Paper review: Comprehensive and efficient runtime checking in system software through watchdogs

This paper by Chang Lou, Peng Huang, and Scott Smith appeared in HotOS 2019. The paper argues that system software needs intrinsic detectors that  monitor internally for subtle issues specific to a process. In particular, the paper advocates employing intrinsic watchdogs as detectors. Watchdogs (also known as grenade timers) have been widely used in embedded devices. Watchdogs use a decrementing timeout counter which resets the processor when it reaches zero. To prevent a reset, the software must keep restarting the watchdog counter after performing/clearing some sanity checks.

Table 1 summarizes the comparison of crash failure detectors, intrinsic watchdogs, and error handlers. Failure detectors are too general, they just make "up-or-down" decisions. They are only good for achieving liveness, as they are too unreliable for making safety decisions.

The disadvantage with error handlers, the paper argues, is  that liveness-related failures often do not have explicit error signals that can trigger a handler: there is no signal for e.g., write being blocked indefinitely or some thread deadlocking or infinitely looping.

The mimicking approach for writing watchdog timers

The paper prescribes the mimicking approach, where the checker selects important operations from the main program, and mimics them for detecting any errors. Since the mimic checker exercises similar code logic in a production environment, it has the potential to catch and locate bugs in the program as well as faults in the environment.

The challenge with this approach is to systematically select important/representative operations from the main program. To solve this problem, the paper proposes a method using static analysis to automatically generate mimic-type watchdogs, which it calls program logic reduction.

We instead propose to derive from P a reduced but representative version W, which nonetheless retains enough code to expose gray failures. Our hypothesis that such reduction is viable stems from two insights. First, most code in P need not be checked at runtime because its correctness is logically deterministic --such code is better suited for unit testing before production and thus should be excluded from W. Second, W’s goal is to catch errors rather than to recreate all the details of P’s business logic. Therefore, W does not need to mimic the full execution of P. For example, if P invoked write() many times in a loop, for checking purposes, W may only need to invoke write() once to detect a fault.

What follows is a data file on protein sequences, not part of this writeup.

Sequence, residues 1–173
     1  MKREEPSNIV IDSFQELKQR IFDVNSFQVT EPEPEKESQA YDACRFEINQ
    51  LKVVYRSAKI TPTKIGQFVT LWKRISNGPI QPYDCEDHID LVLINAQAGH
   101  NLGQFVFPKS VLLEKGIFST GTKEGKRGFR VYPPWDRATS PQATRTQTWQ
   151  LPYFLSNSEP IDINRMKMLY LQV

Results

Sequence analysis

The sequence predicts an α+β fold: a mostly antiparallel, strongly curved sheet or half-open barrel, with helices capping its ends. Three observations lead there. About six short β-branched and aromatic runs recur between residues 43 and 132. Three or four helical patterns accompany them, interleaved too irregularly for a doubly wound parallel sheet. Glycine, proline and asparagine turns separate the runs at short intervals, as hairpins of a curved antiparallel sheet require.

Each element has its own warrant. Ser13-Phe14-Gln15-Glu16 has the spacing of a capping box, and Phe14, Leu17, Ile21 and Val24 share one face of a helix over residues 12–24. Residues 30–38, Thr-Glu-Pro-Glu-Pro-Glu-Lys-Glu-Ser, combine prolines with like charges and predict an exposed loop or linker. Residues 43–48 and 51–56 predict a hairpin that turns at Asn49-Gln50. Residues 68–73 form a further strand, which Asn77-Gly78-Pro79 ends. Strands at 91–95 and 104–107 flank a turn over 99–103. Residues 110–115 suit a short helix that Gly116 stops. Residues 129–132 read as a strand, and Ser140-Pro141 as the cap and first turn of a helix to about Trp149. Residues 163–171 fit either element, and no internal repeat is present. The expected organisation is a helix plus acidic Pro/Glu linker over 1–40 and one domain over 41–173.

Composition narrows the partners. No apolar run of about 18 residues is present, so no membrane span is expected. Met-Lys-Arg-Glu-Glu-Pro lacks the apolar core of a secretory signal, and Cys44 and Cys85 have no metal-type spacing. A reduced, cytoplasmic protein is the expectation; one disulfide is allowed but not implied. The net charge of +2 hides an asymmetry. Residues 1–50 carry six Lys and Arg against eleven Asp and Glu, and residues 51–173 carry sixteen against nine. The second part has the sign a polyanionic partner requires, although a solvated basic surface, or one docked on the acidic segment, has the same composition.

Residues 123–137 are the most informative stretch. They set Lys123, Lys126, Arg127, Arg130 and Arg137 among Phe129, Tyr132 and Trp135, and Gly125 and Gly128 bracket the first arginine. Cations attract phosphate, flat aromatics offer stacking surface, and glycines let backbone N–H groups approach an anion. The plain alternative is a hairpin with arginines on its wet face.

The authors have built a prototype, called AutoWatchdog, and applied it to
ZooKeeper, Cassandra and HDFS, generating tens of checkers for each. Figure 2 shows an example from ZooKeeper.

MAD questions

1. If we detect the problems by mimicking the program, why don't we do the detection as part of the program rather than using a separate watchdog?

The watchdog detectors have a countdown timer for detecting getting stuck at any point due to some operation. This, of course, could have been added to the program as well, but maybe that makes the program look complicated. I guess having this in the watchdog detectors provide modularity, as in aspect-oriented programming.

I guess another benefit of having a separate watchdog detector is that we have a flexibility to locate it more centrally, rather than with the execution in one process. The gray failures paper made a case of asymmetry of information, and that there is a need for more end-to-end detection. Having a separate watchdog detector, we can maybe put parts of it or copies of it in different processes for being able to detect/check faults from different perspectives.

2. How do we make watchdogs compose?
One challenge that will surface when AutoWatchdog creates multiple watchdog detectors for a program is interference among the watchdogs. A reset triggered by a watchdog detector may lead to another reset triggered on another detector. And this may even get continued as the two watchdog detectors trigger resets for each other. Of course, this is more about correction that detection, so this is outside the scope of the paper.

However, even for just detection, care must be taken that the mimicking in the watchdog detectors do not have side effects and mess up the correctness of the program. The paper cautions about this problem: "Executing watchdog checkers should not incur unintended side-effects or add significant cost to the normal execution. For example, in monitoring the indexer of kvs, the checkers may try to retrieve or insert some keys, which should not overwrite data produced from the normal execution or significantly delay normal request handling." I am not sure how it is possible to avoid this problem completely with automatically generated watchdogs. If sandboxes are used, the watchdogs would not be testing/monitoring the real production environment.


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